247 Social Scientic Approaches to European Historical Development: The Role of Origins and Legacies.

Thursday, June 27, 2013: 2:00 PM-3:45 PM
2.03 (Binnengasthuis)
This session brings together five papers which approach historical political development in Europe using contemporary social science methods.  All papers are concerned with how events removed in time continue to affect political outcomes in subsequent periods. 

Three of the papers look at the origins of political institutions which continue to exert influence on outcomes for a substantial period following their foundation.  Origins focus on the locating the junctures at which persistent institutions attain path dependence.  Three of the papers are more concerned with the origins of central political institutions.  Boucoyannis challenges the orthodoxy of the relationship between taxation and representation in the origins of representative government and consent of the governed.  She instead shows how its origins lie in representation as an obligation in strong states, and how this relationship was eventually turned on its head.  Ziblatt looks at the origins of suffrage expansion.  He finds its ultimate success in the embrace of democratic competition by conservative political parties that are capable of building substantial constituencies thus making expanded suffrage a road to power, not a path to political decline and loss of power.  Finally, Mares and Queraldt look at the rise of progressive taxation schemes.  They contradict the received wisdom on how this is linked to increased demands for redistribution following suffrage extension, and instead locate its origins with attempts by non-democratic regimes to delay the onset of full democratization by buying compliance through material incentives.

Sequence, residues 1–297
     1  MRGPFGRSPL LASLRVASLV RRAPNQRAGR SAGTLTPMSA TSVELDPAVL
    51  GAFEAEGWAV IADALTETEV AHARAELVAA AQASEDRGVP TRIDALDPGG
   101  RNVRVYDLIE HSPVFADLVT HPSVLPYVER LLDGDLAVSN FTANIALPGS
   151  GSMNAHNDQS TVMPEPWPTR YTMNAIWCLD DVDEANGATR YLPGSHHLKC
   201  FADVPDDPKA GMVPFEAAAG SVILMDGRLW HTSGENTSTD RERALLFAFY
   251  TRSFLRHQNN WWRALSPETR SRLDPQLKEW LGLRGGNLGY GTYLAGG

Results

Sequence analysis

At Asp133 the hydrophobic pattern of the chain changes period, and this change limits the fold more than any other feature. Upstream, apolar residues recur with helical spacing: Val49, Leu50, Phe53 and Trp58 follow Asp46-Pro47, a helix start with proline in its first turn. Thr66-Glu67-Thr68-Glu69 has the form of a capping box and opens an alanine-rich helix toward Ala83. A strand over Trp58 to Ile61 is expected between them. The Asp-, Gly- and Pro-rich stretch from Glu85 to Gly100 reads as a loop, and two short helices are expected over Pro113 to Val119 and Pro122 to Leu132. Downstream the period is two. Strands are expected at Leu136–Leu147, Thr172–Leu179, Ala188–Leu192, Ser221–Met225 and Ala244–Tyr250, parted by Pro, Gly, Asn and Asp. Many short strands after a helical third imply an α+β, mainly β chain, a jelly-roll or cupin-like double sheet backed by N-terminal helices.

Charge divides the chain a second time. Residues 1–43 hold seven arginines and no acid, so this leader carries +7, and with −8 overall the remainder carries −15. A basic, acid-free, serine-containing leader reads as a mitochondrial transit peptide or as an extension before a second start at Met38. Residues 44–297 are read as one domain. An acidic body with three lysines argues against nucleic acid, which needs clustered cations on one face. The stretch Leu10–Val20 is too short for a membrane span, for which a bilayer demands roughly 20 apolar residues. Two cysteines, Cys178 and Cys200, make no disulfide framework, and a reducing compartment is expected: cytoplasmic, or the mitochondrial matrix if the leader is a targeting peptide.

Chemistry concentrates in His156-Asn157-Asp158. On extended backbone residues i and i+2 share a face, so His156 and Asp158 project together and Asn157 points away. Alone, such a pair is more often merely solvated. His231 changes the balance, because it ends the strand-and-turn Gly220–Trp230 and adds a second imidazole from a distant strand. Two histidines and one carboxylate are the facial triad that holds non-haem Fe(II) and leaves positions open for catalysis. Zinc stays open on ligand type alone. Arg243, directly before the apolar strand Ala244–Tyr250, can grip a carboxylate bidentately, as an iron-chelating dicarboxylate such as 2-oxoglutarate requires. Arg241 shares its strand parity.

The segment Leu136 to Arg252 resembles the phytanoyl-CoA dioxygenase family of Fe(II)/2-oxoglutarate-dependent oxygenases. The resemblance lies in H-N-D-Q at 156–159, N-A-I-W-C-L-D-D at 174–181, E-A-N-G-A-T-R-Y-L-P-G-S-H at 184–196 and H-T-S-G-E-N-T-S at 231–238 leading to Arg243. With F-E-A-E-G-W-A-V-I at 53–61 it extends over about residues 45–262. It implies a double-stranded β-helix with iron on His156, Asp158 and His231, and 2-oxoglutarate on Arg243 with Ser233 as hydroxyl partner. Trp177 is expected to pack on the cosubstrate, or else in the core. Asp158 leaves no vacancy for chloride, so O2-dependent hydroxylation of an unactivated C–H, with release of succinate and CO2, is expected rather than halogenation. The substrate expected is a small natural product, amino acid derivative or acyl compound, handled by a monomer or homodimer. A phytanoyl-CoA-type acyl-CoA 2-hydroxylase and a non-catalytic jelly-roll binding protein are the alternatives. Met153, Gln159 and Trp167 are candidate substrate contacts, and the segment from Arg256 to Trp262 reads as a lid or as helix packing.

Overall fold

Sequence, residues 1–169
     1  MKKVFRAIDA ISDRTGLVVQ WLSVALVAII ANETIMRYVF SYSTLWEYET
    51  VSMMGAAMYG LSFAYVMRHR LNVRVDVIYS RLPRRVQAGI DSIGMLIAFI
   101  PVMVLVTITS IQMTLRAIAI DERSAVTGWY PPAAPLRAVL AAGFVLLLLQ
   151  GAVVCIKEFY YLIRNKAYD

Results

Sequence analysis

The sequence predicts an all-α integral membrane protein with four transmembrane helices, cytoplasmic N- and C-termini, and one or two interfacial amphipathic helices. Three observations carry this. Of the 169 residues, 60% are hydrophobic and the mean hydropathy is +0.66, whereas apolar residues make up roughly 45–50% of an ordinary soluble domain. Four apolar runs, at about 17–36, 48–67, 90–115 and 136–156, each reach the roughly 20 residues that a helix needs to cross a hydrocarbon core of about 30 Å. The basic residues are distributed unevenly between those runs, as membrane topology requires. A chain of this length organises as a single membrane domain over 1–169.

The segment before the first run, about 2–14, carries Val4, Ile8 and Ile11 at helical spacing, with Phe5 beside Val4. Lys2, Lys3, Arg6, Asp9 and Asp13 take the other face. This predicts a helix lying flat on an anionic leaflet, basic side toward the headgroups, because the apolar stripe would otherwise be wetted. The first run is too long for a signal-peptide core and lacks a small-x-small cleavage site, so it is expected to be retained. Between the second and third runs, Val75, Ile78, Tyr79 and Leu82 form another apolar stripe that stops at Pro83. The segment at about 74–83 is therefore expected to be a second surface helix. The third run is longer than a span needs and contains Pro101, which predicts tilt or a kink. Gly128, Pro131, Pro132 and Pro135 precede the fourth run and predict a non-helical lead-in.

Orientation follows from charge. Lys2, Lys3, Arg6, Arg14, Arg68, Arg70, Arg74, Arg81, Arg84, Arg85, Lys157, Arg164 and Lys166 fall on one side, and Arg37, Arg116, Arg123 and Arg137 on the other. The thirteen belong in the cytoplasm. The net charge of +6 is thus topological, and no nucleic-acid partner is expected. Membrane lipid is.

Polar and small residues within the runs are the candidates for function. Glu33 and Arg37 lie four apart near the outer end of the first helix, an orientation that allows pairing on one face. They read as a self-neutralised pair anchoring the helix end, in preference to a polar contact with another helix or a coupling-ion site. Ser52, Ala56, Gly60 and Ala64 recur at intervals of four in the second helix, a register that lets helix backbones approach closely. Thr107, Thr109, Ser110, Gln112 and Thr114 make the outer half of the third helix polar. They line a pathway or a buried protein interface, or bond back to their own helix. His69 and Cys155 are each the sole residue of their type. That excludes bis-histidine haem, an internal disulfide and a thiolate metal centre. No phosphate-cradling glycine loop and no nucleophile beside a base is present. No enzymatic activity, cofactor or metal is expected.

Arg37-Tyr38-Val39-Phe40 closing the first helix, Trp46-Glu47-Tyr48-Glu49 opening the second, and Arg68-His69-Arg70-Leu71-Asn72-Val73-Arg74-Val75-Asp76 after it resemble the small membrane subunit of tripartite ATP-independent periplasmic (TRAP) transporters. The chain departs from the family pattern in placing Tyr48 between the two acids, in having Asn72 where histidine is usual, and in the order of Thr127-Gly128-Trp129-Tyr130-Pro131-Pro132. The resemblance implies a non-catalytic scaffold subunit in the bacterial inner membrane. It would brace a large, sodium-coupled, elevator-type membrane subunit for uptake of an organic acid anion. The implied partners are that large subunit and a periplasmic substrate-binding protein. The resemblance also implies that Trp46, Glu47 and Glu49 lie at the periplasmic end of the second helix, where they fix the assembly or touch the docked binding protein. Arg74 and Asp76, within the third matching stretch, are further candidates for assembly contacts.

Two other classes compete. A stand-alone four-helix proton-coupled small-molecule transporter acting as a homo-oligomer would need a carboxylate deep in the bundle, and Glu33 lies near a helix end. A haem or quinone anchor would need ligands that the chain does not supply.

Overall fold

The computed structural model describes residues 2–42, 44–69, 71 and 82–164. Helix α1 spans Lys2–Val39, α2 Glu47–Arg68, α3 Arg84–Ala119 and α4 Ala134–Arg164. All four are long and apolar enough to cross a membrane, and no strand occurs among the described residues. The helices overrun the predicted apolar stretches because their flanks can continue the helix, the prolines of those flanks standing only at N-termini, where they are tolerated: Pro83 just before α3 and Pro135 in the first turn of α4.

The past can also weigh on the present through legacies, which seem to be more diverse, operating through structures, agents, or culture.  The discussion of legacies seems more concerned with moments of change and how elements of past political practices and institutions persist and become embedded in ostensibly new political orders. Two of the papers explicitly look at legacies.  Bernhard addresses the problem of critical junctures that do not result in institutional lock-in.  He uses this mechanism to explain period of prolonged instability and rapid repeated regime change over substantial periods of time.  Capoccia and Pop-Eleches look at the influence of past historical memory on subsequent political behavior.  They look at different patterns of treatment of the Nazi past in different allied occupation zones and show how these patterns have continued to influence attitudes and political behavior until the present.

Stephen Hanson
Yitzhak Brudny
Historical Memories, Political Attitudes and Electoral Behavior: Evidence from Post-War Germany
Giovanni Capoccia, University of Oxford; Grigore Pop-Eleches, Princeton University
Taxation and the Coercive Origins of Consent and Representation
Deborah Boucoyannis, University of Virginia
Taxation As Political Insurance
Isabela Mares, Columbia University; Didac Queralt, Juan March Institute
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